As regular readers know, I blog in West Vancouver as part of a rich community of teachers and administrators who are regularly sharing insights into their school, their profession and their work. The blogs, from teachers and administrators, give a wonderful window into school life. They are as diverse and varied as the topics which we spend our time on each day in schools. Here is a recent sampling of what those around me have been writing.
Steve Rauh, the Principal of West Van Secondary blogged about our district-wide keynote presentation from Paralympic Champion Josh Dueck:
From his opening slide with the formula Passion + Perseverance = Possibility, Josh shared with us his personal pendulum story of hope, loss, love, despair, love, and hope again. I cannot remember hearing or seeing a more inspirational story or person who brought themes of recklessness, intuition, passion, ego, regret, humiliation, persistence, determination, and possibility.
For West Bay Principal, Judy Duncan, her latest post is all about looking ahead to the remainder of the school year and key topics at her school including their new learning commons, fresh ideas around communicating student learning, IB self-study, self-regulation and a focus on the communication competency:
Teachers work passionately to facilitate rich learning opportunities for students and we work together with determination and enthusiasm to affect positive change within the school. I am optimistic 2015 is going to be another wonderful year, full of noisy learning, quiet contemplation, continued collaboration and an abundance of creative thinking. High five for our Top 5, but let’s keep moving!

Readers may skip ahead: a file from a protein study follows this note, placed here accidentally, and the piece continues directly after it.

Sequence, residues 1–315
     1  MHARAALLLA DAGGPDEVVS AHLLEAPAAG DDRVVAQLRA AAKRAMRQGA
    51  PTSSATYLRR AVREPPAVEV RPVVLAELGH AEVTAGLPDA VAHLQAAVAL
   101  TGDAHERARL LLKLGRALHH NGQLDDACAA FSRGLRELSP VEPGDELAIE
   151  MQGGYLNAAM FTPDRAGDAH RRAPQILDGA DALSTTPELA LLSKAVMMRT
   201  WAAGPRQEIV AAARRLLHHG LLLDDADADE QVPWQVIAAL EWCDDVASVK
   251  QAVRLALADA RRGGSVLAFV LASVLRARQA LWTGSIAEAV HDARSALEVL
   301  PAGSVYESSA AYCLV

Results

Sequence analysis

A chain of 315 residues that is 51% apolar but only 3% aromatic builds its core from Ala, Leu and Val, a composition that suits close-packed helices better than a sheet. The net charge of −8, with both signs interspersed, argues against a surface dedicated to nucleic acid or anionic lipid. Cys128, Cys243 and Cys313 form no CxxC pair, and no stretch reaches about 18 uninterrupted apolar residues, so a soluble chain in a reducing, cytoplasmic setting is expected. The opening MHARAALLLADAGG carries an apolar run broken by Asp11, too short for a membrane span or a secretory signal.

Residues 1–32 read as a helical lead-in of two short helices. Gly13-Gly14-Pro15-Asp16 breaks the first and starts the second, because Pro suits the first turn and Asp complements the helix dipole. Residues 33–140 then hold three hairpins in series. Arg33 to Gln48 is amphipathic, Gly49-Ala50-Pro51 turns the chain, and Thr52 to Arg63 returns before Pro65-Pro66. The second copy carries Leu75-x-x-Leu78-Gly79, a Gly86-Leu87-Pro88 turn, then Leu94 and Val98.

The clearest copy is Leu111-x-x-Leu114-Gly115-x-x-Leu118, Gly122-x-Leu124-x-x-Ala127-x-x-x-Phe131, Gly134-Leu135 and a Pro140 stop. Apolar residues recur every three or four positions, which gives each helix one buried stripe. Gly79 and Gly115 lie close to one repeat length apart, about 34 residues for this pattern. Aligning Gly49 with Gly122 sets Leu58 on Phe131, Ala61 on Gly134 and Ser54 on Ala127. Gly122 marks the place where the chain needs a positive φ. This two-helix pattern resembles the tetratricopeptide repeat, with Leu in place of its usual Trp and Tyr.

At Irwin Park Elementary, the students have also been setting goals for the remainder of the year – that are posted around the school. Principal Cathie Ratz reflects on what she sees:
They tell a story of Irwin Park students wanting to be better listeners, better self regulators, better readers, writers, eaters, swimmers, skiers, brothers… The goals are realistic. In most cases students identified a plan to meet their goals and in some cases personal supports to help them stick to their plans. I wonder about self esteem and self control as predictors of success. Need there be an esteem vs control debate? Does feeling good lead to a complacency that may interfere with the discipline needed to achieve success? Worthy debate?
It is always a hard decision for parents to decide what to do when their child isn’t feeling 100% Two of West Vancouver’s most experienced Kindergarten teachers Christy Campbell and Andrea Daudlin, the writers of The Self-Regulated Teacher share their words of experience:
Sometimes a sick child may still wish to come to school. But in the classroom we are very close to each other in proximity. The children are playing at Centre Time quite close together. They sit close together while eating at the tables. They still hold each others’ hands. Because our supplies are shared, including crayons, scissors, gluesticks and pencils, a sick child at school increases the risk of spreading infection to the rest of the children in the class.
Your child will enjoy their school experiences much more when they return to school rested and healthy!
At Hollyburn Elementary, Principal Tara Zielinski has tackled a topic that is always on the front burner with teachers and parents – testing! Her latest post looks at the use of data in schools. For her, the key is how the information will be used: